While I am a lover of all things India, I think it a mistake to ascribe to any place Tradition, or to any tradition, Tradition.

It is reborn in every soul that can listen to it, and the readiness — that “mental outlook” — is how it knows it has a home.

When you think about it, that is esotericism itself: wisdom comes to those who are ready for it, and can meet it halfway.

This explanation would be incomplete without a reference, however brief, to certain proposals that have seen the light in various contemporary circles for restoring a ‘Western tradition’. The only real interest afforded by these ideas is to show that there are people whose minds have ceased to be content with modern negation, and who, feeling the need for something that our own period cannot offer, see the possibility of an escape from the present crisis only in one way: through a return to tradition in one form or another. Unfortunately, such ‘traditionalism’ is not the same as the real traditional outlook, for it may be no more than a tendency, a more or less vague aspiration presupposing no real knowledge; and it is unfortunately true that, in the mental confusion of our times, this aspiration usually gives rise to fantastic and imaginary conceptions devoid of any serious foundation.

Guénon blunders again with the above passage. Tradition is as it is practiced; like all esoteric or meditative practices, it is brought out by people making their hearts and minds ready for it.

Why would Tradition be any different from any other form of esoteric learning? He has admitted it cannot, indirectly, but now he seeks to argue that it must be a connection with something outside of the world, like a dualistic notion of purity.

There is no purity. There is no dualism. Such things are blasphemies against the order of the cosmos and dare we say it…. the intricate design and loving countenance of God.

Whether we view “God” as an underlying order to all existence, or as a proxy for nature or through nature, does not matter. We acknowledge the pattern of patterns that is our universe and forms the cosmic order.

With that in mind, it is clear that Tradition is renewed and reborn each time someone retraces the causal path of thoughts leading to its realization. There is nothing more to it. Mystifying it is pointless, as very few humans have the patience for following this path, and those of evil heart can only be stopped by good people identifying them and destroying them; they always subvert barriers set up to exclude them because subversion is the realm of an evil heart and it will always be superior in that discipline.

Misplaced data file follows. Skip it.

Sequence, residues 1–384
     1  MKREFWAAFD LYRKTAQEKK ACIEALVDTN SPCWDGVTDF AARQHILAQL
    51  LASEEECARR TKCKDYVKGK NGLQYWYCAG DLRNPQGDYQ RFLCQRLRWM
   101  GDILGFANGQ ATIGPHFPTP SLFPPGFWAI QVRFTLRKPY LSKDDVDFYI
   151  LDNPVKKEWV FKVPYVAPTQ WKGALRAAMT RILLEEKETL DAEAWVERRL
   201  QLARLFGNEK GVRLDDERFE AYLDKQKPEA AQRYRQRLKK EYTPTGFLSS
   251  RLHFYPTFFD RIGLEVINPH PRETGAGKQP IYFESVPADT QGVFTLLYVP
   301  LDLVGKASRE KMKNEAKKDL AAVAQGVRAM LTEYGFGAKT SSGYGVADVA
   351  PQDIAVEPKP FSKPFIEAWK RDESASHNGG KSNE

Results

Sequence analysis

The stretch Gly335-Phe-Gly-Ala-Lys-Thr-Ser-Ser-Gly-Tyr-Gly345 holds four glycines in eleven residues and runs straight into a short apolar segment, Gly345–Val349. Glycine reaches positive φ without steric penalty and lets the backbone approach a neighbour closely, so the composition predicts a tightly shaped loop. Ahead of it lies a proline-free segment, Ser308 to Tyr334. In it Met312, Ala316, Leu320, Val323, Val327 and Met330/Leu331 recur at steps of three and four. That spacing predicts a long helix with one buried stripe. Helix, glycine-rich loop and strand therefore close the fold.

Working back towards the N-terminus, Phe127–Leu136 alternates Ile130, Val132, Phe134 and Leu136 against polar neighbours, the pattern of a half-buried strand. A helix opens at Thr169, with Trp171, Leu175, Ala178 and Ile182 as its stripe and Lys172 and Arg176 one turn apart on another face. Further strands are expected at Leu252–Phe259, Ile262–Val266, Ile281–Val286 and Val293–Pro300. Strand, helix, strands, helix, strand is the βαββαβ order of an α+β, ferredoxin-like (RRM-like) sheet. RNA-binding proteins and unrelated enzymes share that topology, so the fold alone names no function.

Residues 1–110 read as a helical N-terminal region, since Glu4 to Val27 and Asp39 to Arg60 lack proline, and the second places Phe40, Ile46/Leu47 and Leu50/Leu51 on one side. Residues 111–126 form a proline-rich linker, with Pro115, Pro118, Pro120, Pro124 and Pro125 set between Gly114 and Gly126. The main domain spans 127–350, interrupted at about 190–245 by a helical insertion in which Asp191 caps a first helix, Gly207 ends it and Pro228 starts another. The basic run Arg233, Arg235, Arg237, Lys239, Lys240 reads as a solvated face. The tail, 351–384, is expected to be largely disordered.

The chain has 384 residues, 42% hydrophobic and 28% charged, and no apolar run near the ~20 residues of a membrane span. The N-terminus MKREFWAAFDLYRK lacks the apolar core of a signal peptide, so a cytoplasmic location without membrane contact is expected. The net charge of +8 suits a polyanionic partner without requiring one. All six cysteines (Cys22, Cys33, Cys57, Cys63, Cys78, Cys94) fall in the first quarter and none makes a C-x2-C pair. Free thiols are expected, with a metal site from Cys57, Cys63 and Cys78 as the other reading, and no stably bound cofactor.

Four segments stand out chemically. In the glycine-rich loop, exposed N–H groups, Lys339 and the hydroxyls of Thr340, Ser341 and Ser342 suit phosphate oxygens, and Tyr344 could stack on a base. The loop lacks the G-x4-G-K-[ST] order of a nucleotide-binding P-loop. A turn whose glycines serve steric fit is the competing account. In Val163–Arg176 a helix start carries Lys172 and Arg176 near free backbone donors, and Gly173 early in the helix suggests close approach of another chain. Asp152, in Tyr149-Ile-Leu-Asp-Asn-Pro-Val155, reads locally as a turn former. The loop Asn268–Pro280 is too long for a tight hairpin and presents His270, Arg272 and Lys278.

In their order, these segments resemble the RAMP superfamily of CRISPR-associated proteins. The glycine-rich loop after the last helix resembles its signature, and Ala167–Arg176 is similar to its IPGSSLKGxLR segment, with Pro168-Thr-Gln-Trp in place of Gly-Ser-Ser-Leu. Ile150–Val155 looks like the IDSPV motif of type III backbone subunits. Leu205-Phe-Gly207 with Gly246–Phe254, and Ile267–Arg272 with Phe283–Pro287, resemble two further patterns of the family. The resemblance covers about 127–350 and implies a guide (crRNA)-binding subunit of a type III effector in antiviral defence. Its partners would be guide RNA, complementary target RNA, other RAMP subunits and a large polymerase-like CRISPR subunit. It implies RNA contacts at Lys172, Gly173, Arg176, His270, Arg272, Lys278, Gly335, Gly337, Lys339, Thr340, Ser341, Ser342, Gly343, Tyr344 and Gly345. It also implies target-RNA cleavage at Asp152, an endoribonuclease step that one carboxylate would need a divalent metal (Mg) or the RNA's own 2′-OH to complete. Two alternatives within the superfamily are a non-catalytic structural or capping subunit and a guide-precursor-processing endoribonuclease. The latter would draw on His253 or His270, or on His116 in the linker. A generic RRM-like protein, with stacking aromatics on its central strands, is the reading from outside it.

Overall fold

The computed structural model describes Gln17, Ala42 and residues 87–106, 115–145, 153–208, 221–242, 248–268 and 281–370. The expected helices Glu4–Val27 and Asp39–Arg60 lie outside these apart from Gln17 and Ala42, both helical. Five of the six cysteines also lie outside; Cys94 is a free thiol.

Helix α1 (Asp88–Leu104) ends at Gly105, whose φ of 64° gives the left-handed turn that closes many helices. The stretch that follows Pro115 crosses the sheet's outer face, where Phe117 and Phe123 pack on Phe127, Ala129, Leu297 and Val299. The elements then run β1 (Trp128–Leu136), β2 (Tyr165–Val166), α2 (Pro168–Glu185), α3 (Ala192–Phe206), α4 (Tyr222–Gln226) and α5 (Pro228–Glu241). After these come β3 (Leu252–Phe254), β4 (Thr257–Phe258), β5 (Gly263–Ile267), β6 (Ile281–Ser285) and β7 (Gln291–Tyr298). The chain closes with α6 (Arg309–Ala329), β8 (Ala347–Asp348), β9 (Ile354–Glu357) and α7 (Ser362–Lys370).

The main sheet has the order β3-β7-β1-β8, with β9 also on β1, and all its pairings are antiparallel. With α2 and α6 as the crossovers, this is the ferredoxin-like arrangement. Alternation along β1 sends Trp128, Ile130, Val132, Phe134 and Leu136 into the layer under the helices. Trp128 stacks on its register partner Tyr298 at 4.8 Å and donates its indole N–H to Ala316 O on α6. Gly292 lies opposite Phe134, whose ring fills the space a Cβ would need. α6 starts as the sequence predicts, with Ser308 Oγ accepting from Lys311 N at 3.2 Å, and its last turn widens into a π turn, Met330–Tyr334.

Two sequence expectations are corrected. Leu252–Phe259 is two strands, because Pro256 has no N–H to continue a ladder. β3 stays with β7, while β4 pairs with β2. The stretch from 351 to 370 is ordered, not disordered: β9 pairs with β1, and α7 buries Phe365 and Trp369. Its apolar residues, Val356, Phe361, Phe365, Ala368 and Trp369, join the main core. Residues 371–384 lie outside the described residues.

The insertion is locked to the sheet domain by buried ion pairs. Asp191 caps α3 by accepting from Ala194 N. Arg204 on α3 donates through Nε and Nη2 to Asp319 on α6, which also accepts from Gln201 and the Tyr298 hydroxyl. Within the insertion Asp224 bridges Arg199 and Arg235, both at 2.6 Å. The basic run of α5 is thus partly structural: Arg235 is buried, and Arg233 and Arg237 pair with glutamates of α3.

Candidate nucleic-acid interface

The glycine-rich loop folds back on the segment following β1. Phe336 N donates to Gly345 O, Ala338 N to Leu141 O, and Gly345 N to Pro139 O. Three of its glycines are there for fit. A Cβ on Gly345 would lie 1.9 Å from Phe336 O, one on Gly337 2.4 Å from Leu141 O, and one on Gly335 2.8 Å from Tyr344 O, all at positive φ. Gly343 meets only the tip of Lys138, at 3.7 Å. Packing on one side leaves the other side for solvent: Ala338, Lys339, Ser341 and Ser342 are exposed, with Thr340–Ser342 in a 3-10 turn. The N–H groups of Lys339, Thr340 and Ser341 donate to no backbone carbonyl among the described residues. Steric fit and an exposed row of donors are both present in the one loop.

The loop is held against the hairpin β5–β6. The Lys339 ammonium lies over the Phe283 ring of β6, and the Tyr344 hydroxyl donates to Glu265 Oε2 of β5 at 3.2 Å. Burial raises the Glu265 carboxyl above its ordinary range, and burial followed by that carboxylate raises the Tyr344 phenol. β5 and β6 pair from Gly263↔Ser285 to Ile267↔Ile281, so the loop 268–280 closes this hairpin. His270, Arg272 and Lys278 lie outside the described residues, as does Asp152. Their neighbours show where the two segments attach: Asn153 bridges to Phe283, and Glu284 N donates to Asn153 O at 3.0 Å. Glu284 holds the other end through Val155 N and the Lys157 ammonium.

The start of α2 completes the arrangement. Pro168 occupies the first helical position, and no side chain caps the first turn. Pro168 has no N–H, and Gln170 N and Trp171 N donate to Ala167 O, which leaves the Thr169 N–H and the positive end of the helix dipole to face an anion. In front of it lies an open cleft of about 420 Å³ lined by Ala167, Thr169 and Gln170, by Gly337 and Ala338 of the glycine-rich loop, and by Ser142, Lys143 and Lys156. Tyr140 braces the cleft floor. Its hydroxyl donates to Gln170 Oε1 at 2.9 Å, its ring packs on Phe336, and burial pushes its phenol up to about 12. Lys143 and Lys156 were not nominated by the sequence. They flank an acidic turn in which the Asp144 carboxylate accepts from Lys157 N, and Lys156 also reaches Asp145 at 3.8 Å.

Guénon stumbles into modern liberalism next:

But it is the present state of things that concerns us most, so let us leave forecasts aside and dwell a moment longer on the suggestions that are at present to be met with for restoring a “Western tradition”. There is one observation that would in itself suffice to show that these ideas are not in order: this is that they are almost always conceived from an attitude of more or less open hostility toward the East.

He argues that we must get our Tradition from the East, and that to want a Western Tradition can only result from hostility to the East.

This is analogous to the modern argument that the only reason to oppose multiculturalism is “racism” (a word they never define, hence it’s in quotation marks until we figure out what the NWO means by it).

The point for desiring a Western tradition is that we of the West need our own identity and our own method of deriving our esoteric knowledge.

Moreover, despite all the illusions that some seem to cherish, the mentality of a race and an epoch is certainly not going to be put right by any merely “bookish” science, but only by something very different from philosophical speculation, which, even at the best of times, is condemned by its very nature to remain outward and much more verbal than real.

Here Guénon measures philosophy not by its best, but by its worst. He assumes that because, socially, philosophy has become an activity, that the underlying process of thought cannot be separated from the academic institutions and social practice of the same.

This shows the fundamental error of most Traditionalists who, as we noted above, are caught between the political extremists who want to use Tradition to justify their crusades/jihads, and the spaced-out New Age “Traditionalists” who want to turn Tradition into a clubhouse for those who cannot live in reality.

This error is the oldest one of all human errors, which is confusing the essence of a thing for its instance. Plato, for example, writes on this topic. For him, the world of forms is the essence, which is defined not by a dualistic blueprint somewhere, but by presence in many active instances and the commonality of pattern, which does not “exist” so much as it is derived from the interaction of informational forces required to produce the object.